Why does TV affect very young children differently than older children? The answer involves the remarkable changes that are happening in the brain during the first three years of life. When a baby is born, his brain has about all of the neurons (or nerve cells) it will ever have. But the job of forming connections between them is still underway. This is especially true in brain areas that support advanced abilities like memory and abstract thought.10
Although watching television is a passive activity, understanding television requires certain skills. In the first few years of life, many of these skills are only beginning to develop. To a baby, television is a stream of 2-dimensional pictures that change about every 6 seconds and have no apparent connection to each other, to the sounds coming from the same direction, or to real people and objects. Before a child can learn from television, he must be able to connect these images into a meaningful whole. 25
For the first six months, a baby understands little of what he sees on the screen. TV’s colors and sounds may capture his attention for brief periods, but he lacks the ability to process what he is watching or to pay attention for long. 12
Later in the first year, as his cognitive and perceptual abilities continue to improve, a baby may be able to recognize people and objects on the screen. He is unlikely, however, to grasp how images relate to each other and to the real objects they represent. 26
Most researchers agree that meaningful learning from television is unlikely before age three, when children begin to understand the relationship between TV and reality. 12,26
Children do not have to watch television to be affected by it.
In many households with children, the television is on most or all of the time, whether or not someone is watching. Half of children’s TV exposure consists of background television—television that a child can see or hear even though he is not actively watching. 2,4,26
Everyday activities like singing, playing, and exploring help babies and toddlers sharpen their cognitive abilities and motor skills, but the frequent distractions caused by background television can hinder this process. Young children are less able to focus on active, hands-on play while the television is on. Background TV can threaten cognitive and language development and may be linked to attention problems later in childhood. 17,28
Babies and toddlers are social learners.
Although a baby’s brain is not wired to understand television, it is well-equipped to learn from social interactions. At birth, the brain networks that support interactive learning have already begun to develop. A newborn can recognize faces and voices and is sensitive to social cues such as eye contact, facial expressions, and tone of voice. 29 These cues are learning aids that help babies and toddlers understand their surroundings.
Numerous studies have shown that babies learn better from people than from pictures. For instance, infants and toddlers who see a live demonstration of a simple task are more likely to remember it than those who watched a video of the same task. This “video deficit” continues until around age three and possibly beyond. 26 Positive interactions with parents and caregivers provide the social and emotional context that a baby needs in order to learn effectively.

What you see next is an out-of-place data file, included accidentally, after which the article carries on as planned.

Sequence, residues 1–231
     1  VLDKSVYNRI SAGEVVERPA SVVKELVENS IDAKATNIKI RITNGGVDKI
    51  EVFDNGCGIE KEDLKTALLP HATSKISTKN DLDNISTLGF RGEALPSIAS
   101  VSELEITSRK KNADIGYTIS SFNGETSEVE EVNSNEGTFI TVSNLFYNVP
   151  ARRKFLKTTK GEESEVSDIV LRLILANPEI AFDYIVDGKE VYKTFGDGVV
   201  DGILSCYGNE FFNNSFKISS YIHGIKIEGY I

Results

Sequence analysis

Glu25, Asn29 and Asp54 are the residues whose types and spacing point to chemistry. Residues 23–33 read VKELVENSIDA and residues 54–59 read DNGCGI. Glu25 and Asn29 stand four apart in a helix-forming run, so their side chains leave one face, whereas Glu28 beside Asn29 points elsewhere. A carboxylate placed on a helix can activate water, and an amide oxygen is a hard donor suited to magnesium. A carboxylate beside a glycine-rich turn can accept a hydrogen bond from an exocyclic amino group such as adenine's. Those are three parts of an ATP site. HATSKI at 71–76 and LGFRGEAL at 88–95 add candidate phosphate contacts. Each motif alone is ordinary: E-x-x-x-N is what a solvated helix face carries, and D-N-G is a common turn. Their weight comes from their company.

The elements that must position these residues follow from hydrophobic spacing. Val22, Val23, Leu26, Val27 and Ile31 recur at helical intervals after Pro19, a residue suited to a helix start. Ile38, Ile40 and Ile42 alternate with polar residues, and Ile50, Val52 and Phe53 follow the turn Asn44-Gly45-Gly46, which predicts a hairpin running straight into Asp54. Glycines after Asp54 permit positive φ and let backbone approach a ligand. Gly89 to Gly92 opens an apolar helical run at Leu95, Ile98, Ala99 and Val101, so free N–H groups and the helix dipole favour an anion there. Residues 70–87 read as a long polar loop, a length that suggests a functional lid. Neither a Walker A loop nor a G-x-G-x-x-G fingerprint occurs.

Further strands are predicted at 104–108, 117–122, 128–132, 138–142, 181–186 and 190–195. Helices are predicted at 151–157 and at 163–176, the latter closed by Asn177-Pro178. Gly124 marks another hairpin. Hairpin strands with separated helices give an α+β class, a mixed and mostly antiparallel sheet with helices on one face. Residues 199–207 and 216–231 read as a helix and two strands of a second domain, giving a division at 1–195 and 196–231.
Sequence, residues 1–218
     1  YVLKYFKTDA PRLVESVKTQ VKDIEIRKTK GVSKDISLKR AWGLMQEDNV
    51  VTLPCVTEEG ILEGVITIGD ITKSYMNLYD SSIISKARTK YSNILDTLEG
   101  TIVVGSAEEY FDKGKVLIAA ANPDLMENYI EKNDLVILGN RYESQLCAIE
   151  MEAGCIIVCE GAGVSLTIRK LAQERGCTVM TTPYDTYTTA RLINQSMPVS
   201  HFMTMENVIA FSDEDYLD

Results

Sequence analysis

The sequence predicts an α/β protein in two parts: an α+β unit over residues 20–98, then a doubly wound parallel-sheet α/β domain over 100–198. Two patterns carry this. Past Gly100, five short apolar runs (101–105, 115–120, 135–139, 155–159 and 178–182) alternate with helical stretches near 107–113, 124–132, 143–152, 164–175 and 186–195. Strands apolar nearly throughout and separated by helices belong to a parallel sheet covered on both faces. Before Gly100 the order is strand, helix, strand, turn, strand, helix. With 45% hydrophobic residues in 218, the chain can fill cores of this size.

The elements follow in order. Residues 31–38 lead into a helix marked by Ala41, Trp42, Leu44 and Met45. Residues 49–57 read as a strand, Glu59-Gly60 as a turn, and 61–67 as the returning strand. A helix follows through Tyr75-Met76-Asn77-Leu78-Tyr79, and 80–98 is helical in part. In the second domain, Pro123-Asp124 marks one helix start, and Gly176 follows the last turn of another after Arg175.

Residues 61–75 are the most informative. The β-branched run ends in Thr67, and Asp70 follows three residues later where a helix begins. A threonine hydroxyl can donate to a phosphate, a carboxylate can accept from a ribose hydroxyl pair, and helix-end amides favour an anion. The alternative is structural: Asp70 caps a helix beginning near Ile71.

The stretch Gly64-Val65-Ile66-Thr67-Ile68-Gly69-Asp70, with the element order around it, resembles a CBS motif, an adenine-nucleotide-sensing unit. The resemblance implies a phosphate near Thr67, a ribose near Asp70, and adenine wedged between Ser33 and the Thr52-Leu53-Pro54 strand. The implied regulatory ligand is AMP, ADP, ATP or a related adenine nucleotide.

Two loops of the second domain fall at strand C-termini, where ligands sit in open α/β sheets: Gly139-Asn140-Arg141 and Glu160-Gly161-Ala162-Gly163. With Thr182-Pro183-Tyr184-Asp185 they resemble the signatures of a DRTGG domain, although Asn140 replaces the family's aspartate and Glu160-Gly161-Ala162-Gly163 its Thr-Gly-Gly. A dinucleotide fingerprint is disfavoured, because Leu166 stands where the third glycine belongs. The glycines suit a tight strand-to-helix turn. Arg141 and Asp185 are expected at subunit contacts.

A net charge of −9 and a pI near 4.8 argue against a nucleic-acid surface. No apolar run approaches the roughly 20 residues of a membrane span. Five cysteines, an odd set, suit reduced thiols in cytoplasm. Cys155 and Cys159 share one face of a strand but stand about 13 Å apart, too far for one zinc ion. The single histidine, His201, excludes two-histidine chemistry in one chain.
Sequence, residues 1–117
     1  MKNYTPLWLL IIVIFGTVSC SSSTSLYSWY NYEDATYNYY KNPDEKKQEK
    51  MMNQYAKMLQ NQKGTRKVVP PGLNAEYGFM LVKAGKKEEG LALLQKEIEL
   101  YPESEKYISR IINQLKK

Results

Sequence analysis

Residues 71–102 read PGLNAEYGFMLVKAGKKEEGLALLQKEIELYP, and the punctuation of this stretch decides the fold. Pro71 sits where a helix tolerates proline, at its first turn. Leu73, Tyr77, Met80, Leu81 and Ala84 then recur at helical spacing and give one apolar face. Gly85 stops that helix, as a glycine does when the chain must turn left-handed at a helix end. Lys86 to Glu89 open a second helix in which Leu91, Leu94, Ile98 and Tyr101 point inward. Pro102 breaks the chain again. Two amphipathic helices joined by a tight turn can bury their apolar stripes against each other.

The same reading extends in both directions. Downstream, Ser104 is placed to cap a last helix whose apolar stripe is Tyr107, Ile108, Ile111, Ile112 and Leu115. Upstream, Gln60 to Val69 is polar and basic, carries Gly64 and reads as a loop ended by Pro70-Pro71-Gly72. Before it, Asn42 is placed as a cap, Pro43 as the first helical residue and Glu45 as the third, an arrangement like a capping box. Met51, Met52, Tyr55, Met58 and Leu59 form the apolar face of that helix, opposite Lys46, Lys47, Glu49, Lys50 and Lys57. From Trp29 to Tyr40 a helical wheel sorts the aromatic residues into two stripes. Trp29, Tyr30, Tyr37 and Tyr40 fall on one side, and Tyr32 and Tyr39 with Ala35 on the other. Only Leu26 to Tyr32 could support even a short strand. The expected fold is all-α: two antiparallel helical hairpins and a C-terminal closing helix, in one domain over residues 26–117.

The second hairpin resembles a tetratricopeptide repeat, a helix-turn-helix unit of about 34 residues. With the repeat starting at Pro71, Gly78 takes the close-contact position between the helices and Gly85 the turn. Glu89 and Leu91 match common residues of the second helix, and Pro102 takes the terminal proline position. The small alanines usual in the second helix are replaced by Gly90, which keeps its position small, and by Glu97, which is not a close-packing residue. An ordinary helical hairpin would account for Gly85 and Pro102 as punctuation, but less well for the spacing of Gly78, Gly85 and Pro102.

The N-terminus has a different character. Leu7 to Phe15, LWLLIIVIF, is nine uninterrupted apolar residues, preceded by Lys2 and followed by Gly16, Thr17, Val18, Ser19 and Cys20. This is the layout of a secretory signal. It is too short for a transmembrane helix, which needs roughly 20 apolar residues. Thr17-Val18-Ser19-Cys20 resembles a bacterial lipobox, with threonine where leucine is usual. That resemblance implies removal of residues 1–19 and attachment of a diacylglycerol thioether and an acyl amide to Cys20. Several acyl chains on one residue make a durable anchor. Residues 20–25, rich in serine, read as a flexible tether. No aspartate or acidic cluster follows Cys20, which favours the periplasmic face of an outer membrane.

When the television is on, quality time suffers.
Many educational programs and videos for infants and toddlers claim to benefit children by providing opportunities for parent-child interactions. Research provides several reasons why this is unlikely to be true:
- Even during children's first three years, educational content makes up only half of what they watch. 13
- When the television is on, even in the background, parents talk and play with their infants less often. When they do, they are less attentive and engaged. 4,15
- Even when children are watching programs and DVDs designed to promote interaction, parents watch with them less than half the time. 8,13
Positive interactions are the best learning experiences a child can have.
Over ten years have passed since the American Academy of Pediatrics issued its recommendation that children under age two do not watch television and that older children watch only one or two hours per day. At that time, there was little research on television’s effects on infants and toddlers. Studies that have appeared in the past decade, however, support the Academy’s position.
A heavy diet of television provides only empty calories for a child’s growing brain. Active, hands-on play and warm, responsive parenting nourish children’s early development. Because more time in front of the screen means less time for play and shared activities, TV’s increasing presence in the daily lives of young children has dire implications. The evidence is clear: Parents and caregivers of infants and toddlers can promote learning, achievement, and health by taking television off the menu.
So what can we as caregivers do?
Turning on the television might seem like the easy solution, but the truth is that there are other ways for even the busiest family members to entertain our children…
- Talk to your child; tell him or her a story about your day, about the weather, about an imaginary world, about anything!
- Sing to your child; the tones, pitches, and noises are all new and exciting!
- Point out and count new objects and let your baby touch them. Believe it or not, babies can start learning basic mathematical concepts by simply watching you count something!
Want more ideas? Check out: